every government in Europe, and lifted her imploring voice for injured Africa, and plead with the mightiest monarchs of the world, the cause of her outraged shores, and her distracted families. I can neither shut my heart nor my eyes to the fact, that at this moment she is stretching forth the protection of her naval arm, and shielding, to the uttermost of her vigour, that coast where an inhuman avarice is still plying its guilty devices, and aiming to perpetuate among an unoffending people, à trade of cruelty, with all the horrid train of its terrors and abominations. Were such a government as this to be swept from its base, either by the violence of foreign hostility, or by the hands of her own misled and infatuated children-I should never cease to deplore it as the deadliest interruption, which ever had been given to the interests of human virtue, and to the march of human improvement. O! how it should swell every heart, not with pride, but with gratitude, to think that the land of our fathers, with all the iniquities which abound in it, with all the profligacy, which spreads along our streets, and all the profaneness that is heard among our companies to think that this our land, overspread as it is with the appalling characters of guilt, is still the securest asylum of worth and liberty—that this is the land, from which the most copious emanations of Christianity are going forth to all the quarters of the world-that this is the land, which teems from one end to the other of it with the most splendid designs and enterprises for the good of the species-that this is the land, where public principle is most felt, and public objects are most prosecuted, and the fine impulse of a public spirit is most ready to carry its generous people beyond the limits of a selfish and contracted patriotism. Yes, and when the heart of the philanthropist is sinking within him at the gloomy spectacle of those crimes and atrocities, which still deform the history of man, I know not a single earthly expedient more fitted to brighten and sustain him, than to turn his eye to the country in which he lives-and there see the most enlightened government in the world acting as the organ of its most moral and intelligent population.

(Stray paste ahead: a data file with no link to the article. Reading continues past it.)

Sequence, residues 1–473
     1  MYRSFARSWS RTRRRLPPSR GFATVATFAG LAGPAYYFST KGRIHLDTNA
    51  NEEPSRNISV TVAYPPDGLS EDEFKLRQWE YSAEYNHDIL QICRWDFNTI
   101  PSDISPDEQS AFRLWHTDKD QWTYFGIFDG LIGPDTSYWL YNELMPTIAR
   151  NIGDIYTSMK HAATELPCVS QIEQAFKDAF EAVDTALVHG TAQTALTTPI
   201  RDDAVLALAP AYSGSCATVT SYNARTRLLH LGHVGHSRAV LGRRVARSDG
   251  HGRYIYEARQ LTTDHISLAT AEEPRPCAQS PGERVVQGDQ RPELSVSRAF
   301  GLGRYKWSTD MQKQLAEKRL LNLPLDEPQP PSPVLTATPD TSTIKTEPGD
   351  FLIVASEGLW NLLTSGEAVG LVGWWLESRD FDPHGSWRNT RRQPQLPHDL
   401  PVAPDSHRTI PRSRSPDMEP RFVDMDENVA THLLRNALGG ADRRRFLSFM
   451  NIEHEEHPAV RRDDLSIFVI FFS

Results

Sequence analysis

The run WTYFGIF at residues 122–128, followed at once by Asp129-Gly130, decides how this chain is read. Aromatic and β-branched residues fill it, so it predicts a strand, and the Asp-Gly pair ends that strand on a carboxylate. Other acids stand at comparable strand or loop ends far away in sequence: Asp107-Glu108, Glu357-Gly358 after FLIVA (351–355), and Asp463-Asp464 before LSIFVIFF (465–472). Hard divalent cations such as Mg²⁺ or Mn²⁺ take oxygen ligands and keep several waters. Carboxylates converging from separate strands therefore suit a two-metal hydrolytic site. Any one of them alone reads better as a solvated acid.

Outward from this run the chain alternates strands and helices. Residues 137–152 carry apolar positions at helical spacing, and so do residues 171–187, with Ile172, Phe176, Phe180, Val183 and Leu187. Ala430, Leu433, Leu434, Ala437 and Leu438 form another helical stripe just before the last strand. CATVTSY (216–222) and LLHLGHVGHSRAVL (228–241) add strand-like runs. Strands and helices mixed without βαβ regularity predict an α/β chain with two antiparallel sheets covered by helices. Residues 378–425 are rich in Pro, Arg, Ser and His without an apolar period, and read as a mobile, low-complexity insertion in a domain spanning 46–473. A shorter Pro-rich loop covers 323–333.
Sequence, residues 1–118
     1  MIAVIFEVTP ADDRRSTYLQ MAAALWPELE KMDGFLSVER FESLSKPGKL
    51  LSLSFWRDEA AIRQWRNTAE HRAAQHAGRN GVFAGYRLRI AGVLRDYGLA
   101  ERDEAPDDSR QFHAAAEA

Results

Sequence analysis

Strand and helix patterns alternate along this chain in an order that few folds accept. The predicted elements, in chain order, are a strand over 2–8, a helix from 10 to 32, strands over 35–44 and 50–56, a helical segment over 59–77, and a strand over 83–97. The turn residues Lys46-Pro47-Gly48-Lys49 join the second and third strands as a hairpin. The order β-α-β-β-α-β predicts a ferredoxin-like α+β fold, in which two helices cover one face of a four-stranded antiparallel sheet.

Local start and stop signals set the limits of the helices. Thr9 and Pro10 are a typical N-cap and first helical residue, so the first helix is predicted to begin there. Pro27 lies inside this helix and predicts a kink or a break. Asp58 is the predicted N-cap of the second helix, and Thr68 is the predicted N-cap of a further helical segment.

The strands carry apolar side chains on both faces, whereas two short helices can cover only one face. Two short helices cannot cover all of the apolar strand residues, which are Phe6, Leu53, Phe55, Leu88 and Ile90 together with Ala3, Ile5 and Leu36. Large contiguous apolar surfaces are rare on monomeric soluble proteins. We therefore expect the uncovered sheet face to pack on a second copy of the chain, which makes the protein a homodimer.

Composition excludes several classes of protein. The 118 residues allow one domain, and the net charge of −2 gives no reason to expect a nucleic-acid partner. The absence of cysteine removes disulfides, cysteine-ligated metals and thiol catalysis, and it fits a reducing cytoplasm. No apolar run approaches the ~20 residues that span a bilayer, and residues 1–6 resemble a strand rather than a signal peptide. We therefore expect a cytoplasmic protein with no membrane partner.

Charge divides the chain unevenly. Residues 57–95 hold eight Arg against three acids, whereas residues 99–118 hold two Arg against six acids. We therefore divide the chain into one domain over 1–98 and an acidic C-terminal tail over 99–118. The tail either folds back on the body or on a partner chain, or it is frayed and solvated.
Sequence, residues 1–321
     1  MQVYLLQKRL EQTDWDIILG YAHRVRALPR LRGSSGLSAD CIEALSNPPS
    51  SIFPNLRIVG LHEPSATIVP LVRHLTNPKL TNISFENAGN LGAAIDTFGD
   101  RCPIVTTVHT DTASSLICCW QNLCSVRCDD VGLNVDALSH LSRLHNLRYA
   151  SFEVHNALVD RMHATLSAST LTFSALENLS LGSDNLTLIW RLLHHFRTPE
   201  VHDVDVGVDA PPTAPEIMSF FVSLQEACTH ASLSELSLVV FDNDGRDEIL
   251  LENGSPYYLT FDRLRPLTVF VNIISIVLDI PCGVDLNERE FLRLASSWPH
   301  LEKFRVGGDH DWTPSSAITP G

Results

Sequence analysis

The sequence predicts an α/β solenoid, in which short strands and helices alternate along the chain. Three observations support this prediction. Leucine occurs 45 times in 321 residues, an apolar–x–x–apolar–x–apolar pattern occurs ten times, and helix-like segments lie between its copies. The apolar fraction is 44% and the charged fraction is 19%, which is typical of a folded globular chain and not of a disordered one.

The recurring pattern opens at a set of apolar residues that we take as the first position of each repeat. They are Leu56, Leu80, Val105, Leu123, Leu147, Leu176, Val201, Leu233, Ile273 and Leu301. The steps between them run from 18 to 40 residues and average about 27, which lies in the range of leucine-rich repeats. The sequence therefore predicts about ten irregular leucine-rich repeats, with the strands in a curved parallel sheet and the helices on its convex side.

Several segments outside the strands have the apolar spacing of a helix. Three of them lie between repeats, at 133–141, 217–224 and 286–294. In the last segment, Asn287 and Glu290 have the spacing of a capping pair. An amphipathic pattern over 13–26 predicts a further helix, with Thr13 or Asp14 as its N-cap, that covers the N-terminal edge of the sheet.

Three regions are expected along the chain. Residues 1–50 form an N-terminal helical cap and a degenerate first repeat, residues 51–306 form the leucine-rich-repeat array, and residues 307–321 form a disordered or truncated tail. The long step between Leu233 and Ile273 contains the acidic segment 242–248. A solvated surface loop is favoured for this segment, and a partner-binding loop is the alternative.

It is not against the government of my country, therefore, that I direct my observations-but against that nature of man in

the infirmities of which we all share, and the evil of which no government can extinguish. We have carried a new political arrangement, and we experience the result of it, a temporary calm-but we have not yet carried our way to the citadel of human passions. The elements of war are hushed for a season— but these elements are not destroyed. They still rankle in many an unsubdued heart-and I am too well taught by the history of the past, and the experience of its restless variations, not to believe that they will burst forth again in thunder over the face of society. No, my brethren, it will only be when diffused and vital Christianity comes upon the earth, that an enduring peace will come along with it. The prophecy of my text will obtain its fulfilment-but not till the fulfilment of the verses which go before it ;-not till the influence of the gospel has found its way to the human bosom, and plucked out of it the elementary principles of war ;-not till the law of love shall spread its melting and all-subduing efficacy, among the children of one common nature :-not till ambition be dethroned from its mastery over the affections of the inner man ;-not till the guilty splendours of war shall cease to captivate its admirers, and spread the blaze of a deceitful heroism over the wholesale butchery of the species;-not till national pride be humbled, and man shall learn, that if it be individually the duty of each of us in honour to prefer one another; then let these individuals combine as they may, and form societies as numerous and extensive as they may, and each of these be swelled out to the dimensions of an empire, still, that mutual condescension and forbearance remain the unalterable christian duties of these empires to each other;-not till man learn to revere his brother as man, whatever portion of the globe he occupies, and all the jealousies and preferences of a contracted patriotism be given to the wind;-not till war shall cease to be prosecuted as a trade, and the charm of all that interest which is linked with its continuance, shall cease to beguile men in the peaceful walks of merchandise, into a barbarous longing after war; not in one word till pride, and jealousy, and interest, and all that is opposite to the law of God and the charity of the gospel, shall be forever eradicated from the character of those who possess an